The establishment of the European External Action Service (EEAS) by the Lisbon Treaty was preceded by time-consuming negotiations about the composition, organization, budget and accountability of the service. In spite of the negative views among EEAS officials concerning the actual implementation of the reforms, they displayed a surprisingly positive attitude towards the new organization and identified strongly with it. This contribution aims to explain this empirical puzzle by drawing on two different approaches to attitude formation: one based on material calculations and another one on socio-psychological factors. It shows that a narrow understanding of rationality based on short-term career-related calculations cannot account for the support that the EEAS garnered among its ranks since a majority of officials reported a negative impact in terms of careers prospects. An explanation of positive attitudes towards the EEAS thus needs to take into account a broader conception of career prospects', including other indicators such as reputation and job satisfaction. Moreover, this contribution shows how a strong identification with the European Union (EU) and a desire to make EU foreign policy work might also explain why officials profess strong support for the EEAS.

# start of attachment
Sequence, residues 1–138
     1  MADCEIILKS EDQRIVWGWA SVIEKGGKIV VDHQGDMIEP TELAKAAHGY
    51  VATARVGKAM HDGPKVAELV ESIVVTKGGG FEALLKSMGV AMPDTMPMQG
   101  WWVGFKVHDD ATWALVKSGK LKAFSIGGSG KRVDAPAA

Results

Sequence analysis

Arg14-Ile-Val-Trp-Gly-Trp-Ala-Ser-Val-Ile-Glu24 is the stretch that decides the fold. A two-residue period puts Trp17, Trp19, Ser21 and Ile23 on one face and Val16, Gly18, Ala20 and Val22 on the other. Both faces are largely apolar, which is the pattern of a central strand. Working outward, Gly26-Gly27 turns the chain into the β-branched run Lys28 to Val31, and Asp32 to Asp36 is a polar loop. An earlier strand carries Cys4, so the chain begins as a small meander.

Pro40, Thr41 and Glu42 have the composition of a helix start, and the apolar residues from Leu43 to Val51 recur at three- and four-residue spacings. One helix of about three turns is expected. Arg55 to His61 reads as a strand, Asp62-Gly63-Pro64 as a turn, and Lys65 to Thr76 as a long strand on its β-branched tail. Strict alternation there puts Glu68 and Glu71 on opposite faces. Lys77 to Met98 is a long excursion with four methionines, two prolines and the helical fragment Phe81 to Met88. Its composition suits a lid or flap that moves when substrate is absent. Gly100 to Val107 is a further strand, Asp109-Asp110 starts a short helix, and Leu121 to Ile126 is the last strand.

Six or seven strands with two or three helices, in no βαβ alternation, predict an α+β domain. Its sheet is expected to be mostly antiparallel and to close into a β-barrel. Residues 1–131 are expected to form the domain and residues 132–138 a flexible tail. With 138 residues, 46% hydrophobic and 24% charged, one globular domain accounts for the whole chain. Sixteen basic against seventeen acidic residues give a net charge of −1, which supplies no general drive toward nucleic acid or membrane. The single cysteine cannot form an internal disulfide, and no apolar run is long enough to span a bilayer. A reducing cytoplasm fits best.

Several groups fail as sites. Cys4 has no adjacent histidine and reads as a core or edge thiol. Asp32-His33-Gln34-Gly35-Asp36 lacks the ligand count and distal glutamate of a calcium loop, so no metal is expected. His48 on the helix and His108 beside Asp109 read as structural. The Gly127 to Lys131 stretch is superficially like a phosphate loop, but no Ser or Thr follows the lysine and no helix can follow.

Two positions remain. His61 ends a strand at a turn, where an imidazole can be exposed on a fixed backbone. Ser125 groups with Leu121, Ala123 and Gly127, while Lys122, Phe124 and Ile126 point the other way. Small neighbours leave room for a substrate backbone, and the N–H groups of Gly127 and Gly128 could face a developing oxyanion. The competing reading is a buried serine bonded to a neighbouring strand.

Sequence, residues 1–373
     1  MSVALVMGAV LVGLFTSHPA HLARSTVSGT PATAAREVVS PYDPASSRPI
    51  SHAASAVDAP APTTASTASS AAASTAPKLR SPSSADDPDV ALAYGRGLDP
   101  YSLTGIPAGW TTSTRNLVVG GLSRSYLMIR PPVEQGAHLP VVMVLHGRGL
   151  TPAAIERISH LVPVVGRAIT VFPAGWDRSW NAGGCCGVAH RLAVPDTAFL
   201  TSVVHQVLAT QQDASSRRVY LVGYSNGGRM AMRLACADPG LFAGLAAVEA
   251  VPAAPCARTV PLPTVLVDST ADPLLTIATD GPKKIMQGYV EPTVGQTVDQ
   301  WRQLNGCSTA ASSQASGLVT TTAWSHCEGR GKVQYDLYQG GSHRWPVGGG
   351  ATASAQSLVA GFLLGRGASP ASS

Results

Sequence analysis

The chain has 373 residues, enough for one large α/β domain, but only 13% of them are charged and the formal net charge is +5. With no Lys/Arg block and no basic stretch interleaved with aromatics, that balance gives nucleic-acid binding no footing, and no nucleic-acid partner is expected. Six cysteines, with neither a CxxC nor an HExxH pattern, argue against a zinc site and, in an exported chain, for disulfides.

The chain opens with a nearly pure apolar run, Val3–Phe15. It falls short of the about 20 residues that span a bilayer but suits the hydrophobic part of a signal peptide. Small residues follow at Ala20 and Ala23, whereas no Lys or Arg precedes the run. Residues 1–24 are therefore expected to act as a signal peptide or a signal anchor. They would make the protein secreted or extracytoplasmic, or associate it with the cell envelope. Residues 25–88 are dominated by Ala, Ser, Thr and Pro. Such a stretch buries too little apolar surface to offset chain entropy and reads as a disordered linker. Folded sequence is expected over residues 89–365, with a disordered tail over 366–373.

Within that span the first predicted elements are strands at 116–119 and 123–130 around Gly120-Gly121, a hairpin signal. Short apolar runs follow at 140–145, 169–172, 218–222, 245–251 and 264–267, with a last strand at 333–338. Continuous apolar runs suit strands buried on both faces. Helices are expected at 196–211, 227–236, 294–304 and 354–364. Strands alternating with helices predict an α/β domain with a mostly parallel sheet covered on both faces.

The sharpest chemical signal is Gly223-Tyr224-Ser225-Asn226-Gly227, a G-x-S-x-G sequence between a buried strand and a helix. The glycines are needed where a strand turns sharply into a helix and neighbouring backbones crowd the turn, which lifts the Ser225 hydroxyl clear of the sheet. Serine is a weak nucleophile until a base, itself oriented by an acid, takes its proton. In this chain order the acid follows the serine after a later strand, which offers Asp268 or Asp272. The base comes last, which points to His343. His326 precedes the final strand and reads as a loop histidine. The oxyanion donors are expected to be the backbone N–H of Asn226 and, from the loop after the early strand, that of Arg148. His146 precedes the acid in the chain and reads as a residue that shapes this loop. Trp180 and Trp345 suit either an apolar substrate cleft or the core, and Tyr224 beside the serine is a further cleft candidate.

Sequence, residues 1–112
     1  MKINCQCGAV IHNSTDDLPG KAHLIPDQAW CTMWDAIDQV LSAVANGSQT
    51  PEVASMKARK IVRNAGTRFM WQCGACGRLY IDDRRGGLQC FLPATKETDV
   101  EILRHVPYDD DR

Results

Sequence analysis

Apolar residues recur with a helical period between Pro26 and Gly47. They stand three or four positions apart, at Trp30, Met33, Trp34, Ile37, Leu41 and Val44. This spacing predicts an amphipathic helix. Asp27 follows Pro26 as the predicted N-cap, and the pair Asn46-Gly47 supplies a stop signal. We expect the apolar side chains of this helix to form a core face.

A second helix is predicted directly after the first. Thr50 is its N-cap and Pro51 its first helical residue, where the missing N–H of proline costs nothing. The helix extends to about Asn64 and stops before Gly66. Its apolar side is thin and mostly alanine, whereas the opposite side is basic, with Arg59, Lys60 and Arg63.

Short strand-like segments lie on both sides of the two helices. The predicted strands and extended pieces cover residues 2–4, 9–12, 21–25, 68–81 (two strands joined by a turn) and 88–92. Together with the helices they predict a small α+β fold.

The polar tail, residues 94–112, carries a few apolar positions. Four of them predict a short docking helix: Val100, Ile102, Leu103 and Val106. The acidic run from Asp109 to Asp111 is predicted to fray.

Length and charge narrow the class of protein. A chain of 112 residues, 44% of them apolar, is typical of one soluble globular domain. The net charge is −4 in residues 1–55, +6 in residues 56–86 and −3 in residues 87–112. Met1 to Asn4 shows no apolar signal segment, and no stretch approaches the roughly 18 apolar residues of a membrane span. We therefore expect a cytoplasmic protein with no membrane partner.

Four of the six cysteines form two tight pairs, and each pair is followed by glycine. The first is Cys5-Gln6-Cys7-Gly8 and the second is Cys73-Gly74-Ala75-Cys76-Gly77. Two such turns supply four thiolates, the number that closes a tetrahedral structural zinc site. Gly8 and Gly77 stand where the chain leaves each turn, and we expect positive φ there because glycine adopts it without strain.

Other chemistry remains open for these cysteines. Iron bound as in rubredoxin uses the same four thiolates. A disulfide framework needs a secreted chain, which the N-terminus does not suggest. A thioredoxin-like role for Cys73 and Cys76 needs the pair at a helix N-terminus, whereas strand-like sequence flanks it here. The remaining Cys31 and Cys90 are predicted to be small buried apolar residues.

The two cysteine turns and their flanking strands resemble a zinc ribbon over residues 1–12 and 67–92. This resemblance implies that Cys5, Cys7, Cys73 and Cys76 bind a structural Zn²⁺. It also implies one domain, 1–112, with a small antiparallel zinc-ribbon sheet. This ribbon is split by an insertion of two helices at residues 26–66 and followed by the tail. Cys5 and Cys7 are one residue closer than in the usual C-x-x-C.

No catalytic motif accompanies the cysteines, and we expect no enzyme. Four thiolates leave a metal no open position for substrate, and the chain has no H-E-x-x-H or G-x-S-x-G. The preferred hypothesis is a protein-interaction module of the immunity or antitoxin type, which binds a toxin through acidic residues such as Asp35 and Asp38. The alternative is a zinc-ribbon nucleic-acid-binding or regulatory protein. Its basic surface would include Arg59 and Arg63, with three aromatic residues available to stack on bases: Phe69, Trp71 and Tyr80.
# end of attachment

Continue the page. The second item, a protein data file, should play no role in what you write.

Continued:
- European External Action Service
- European foreign policy
- international civil servants
- organizational reform